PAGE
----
There is no consideration for the other factors in the lives of students, such as poverty and their home lives, which might be traumatic or indulgent, or both. Instead of treating elementary school kids as people regardless of their color and expecting them to conduct themselves respectably, certain races are to be treated as inferior in ability to follow basic instructions.

    Unless these Claremont students have suffered brain changes because of traumatic experiences, they should be held to the same standards. And the trauma can’t include narcissistic wounds which is what these students experience when told someone disagrees with them. That is the violence they speak of. They are so narcissistic that debate is “violence” and a threat to their existence. It isn’t a threat based on their color, but it is a threat to their narcissistic entitlement.

    • Uncle Dave

      Yes, just like outside in the real world; If you are a member of a loud, obnoxious, vocal minority… you get a pass on most laws and any signs of decency.

  • Juana

    Students of every color, race, religion etc. Aware perfectly capable of behaving, protesting peacefully and Respecting the rules and codes of conduct of every institution they chose to attend; therefore, should suffer the consequences resulting from their behavior. Nobody, regardless of color or race should be excluded from the investigation, nor from being held accountable.
    And every student attending an educational institution should be exposed to speakers of different points of view, and should be able to listen, attend and peacefully disagree if they so choose.

    • Michael

      The weak little snowflakes are melting. Boo Hoo

  • William Gates

    If I didn’t know better, I’d think that the comments from the CMCers of Color were meant to be parody. How can anybody make comments like that and expect to be taken seriously? They’re a caricature of themselves. Absolutely laughable.

  • Dr. Corey

    These students talk about “violence” but the only people bringing any violence upon anyone are themselves. Expulsion, which is exactly what they deserve (if not outright arrest), is not an act of “violence.” It is an act of maintaining order, and an act of justice. It is just that you be punished for your conduct, and if you cannot refrain from this conduct, it is just that you be denied the privilege of higher education.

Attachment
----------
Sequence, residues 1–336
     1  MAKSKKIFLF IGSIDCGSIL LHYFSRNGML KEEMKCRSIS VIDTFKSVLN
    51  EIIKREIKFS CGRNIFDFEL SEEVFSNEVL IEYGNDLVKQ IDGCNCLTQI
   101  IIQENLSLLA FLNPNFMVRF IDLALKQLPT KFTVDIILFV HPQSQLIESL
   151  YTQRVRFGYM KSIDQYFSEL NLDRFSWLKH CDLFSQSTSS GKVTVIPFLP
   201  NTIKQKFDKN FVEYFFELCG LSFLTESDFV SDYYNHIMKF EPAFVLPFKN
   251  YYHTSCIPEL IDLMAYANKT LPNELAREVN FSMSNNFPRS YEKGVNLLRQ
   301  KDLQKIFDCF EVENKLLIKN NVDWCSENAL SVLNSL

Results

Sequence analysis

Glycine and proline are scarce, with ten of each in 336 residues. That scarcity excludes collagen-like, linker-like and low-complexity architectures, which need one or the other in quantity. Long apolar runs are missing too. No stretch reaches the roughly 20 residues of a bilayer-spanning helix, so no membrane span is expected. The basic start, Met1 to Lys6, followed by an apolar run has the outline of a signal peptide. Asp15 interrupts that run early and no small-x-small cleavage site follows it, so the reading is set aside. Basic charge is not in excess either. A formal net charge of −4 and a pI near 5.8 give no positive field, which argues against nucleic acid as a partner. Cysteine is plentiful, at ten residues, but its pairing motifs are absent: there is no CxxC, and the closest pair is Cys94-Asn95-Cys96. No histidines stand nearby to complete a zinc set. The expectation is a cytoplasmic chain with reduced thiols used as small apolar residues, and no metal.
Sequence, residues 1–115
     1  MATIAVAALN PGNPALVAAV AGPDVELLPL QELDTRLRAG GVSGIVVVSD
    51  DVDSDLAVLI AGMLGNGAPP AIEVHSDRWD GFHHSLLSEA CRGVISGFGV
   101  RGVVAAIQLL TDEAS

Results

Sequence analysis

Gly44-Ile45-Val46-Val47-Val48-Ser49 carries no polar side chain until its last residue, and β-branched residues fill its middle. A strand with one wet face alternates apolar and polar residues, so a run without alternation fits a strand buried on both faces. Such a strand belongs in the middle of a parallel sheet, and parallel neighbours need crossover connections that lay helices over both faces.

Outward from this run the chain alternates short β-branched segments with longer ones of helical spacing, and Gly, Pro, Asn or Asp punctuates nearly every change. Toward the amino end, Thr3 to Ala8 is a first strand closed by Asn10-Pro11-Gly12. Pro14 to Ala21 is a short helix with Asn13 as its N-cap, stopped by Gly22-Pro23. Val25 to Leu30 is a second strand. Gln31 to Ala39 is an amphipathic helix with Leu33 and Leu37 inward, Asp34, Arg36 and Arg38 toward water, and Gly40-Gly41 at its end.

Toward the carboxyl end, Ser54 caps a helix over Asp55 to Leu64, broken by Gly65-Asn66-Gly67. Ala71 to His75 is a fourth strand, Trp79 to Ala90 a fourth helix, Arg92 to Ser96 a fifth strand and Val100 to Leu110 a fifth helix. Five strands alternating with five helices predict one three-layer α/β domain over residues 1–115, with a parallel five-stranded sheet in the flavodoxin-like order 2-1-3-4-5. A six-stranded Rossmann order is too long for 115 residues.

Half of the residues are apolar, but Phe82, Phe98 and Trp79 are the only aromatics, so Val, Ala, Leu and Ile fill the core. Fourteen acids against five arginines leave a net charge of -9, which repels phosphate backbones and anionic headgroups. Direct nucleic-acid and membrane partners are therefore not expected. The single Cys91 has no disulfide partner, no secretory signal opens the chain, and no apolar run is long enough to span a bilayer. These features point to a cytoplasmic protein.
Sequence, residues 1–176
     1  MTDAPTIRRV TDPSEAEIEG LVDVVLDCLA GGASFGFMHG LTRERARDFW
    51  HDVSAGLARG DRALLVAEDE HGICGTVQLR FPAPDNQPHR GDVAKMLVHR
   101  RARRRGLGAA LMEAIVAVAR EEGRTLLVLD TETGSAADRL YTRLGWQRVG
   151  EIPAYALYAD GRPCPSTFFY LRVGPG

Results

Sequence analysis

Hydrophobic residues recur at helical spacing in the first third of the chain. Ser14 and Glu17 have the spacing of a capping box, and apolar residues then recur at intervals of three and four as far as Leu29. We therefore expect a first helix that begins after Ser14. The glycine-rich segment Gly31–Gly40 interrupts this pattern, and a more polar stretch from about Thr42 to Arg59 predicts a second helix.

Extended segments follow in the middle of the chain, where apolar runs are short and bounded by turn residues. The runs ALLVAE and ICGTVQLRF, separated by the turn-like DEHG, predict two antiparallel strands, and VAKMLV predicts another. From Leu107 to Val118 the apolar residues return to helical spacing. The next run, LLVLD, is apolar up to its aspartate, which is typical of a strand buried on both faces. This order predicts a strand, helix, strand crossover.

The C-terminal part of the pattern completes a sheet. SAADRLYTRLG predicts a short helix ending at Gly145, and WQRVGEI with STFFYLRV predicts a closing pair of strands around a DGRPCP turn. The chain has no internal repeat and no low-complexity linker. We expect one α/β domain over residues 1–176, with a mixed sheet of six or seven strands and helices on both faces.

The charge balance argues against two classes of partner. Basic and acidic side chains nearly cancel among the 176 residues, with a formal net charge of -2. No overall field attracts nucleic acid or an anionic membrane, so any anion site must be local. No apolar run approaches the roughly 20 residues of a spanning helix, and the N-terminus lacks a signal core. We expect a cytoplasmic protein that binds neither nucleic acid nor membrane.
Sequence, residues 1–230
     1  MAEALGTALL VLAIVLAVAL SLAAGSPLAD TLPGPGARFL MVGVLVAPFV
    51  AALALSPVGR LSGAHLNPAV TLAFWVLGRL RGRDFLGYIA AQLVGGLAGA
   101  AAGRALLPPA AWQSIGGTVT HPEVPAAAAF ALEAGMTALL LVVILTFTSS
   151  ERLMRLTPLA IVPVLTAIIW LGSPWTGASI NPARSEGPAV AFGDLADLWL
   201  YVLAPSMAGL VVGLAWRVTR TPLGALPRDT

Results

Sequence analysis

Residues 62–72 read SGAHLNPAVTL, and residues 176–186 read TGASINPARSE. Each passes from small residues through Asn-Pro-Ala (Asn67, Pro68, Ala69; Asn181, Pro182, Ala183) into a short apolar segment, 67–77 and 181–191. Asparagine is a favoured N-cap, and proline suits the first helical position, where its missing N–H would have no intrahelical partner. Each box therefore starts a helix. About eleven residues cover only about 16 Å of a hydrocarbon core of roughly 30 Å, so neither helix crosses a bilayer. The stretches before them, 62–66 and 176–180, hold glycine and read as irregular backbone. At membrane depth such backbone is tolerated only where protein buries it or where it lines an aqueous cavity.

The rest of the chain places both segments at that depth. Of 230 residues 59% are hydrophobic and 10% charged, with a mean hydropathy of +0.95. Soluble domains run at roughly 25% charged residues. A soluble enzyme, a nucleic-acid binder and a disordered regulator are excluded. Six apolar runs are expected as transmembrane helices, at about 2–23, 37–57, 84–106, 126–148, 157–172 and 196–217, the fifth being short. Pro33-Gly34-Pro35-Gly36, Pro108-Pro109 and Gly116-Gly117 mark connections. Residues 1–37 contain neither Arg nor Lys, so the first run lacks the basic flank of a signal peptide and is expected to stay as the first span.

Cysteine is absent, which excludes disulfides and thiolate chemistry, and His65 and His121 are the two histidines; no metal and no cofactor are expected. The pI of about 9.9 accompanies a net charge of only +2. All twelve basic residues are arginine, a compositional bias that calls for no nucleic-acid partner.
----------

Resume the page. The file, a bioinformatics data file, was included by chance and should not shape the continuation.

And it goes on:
The whole country is sick of these moronic temper tantrums. We don’t care if you like our opinions or not. Our opinions of you – no matter how derogatory they may be – are not “acts of violence.” They are opinions. If our opinions make you feel “unsafe” you should seriously consider some sort of therapy or medication. Perhaps you should revisit an old saying that starts with “sticks and stones…”?

    There will always be people with opinions different than yours. We are entitled to ours, and to invite speakers to give theirs. If you don’t like that, you don’t belong at an institution of higher education, period. And you should be kicked out of the one you are in if you can’t follow basic rules of civility and appropriate conduct.

    Sincerely,
    A college professor

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  • DLH

    Hard to figure why so many CMCers of color are are working fast food counter’s in my city after graduation. Maybe, if they spent time studying, passing me fried zucchini and orange bang would not be the result of such a costly education.

  • Ron Birchard

    Speech is speech.
    The answer to speech you don’t like is more speech, not less.
    Where do these authoritarian ideas come from?
    Why have colleges allowed this?

  • An Alum

    Thank God some sanity is finally prevailing, however, after the backlash against the American themed party in 2014, I’m convinced that Pomona has fully succumbed to communism. These imbeciles should be tried for low treason.

  • Harold Wyrick

    “Blocking access to buildings violates College policy”

    It’s becoming SOP now to see articles about campus protest shutdowns referring to blocking entrances to an area or a building. Are these entrances one way only, as in the protesters are only blocking people trying to enter? Most building entrances are also exits, especially for egress in emergencies.
    That was the most dangerous thing about the protest of Ben Shapiro in CA, where the youthful ignorant buffoons blocked even the emergency fire exits to the theater..

    And these mostly able bodied bullies are impeding the movements of disabled individuals? Really? With gender and race being fluid now, according to the new SJW manifesto, one can choose one’s race and gender from moment to moment, but as a permanently disabled human, it makes me angry that these illiberal jackasses would interfere with any physically disabled person, who can’t choose their condition from minute to minute, in any way whatsoever to make their idiotic political point. And where are college administrations on enforcing the free movement rights of persons with physical disabilities?

    These nitwits want to argue about privilege? I’m their Huckleberry.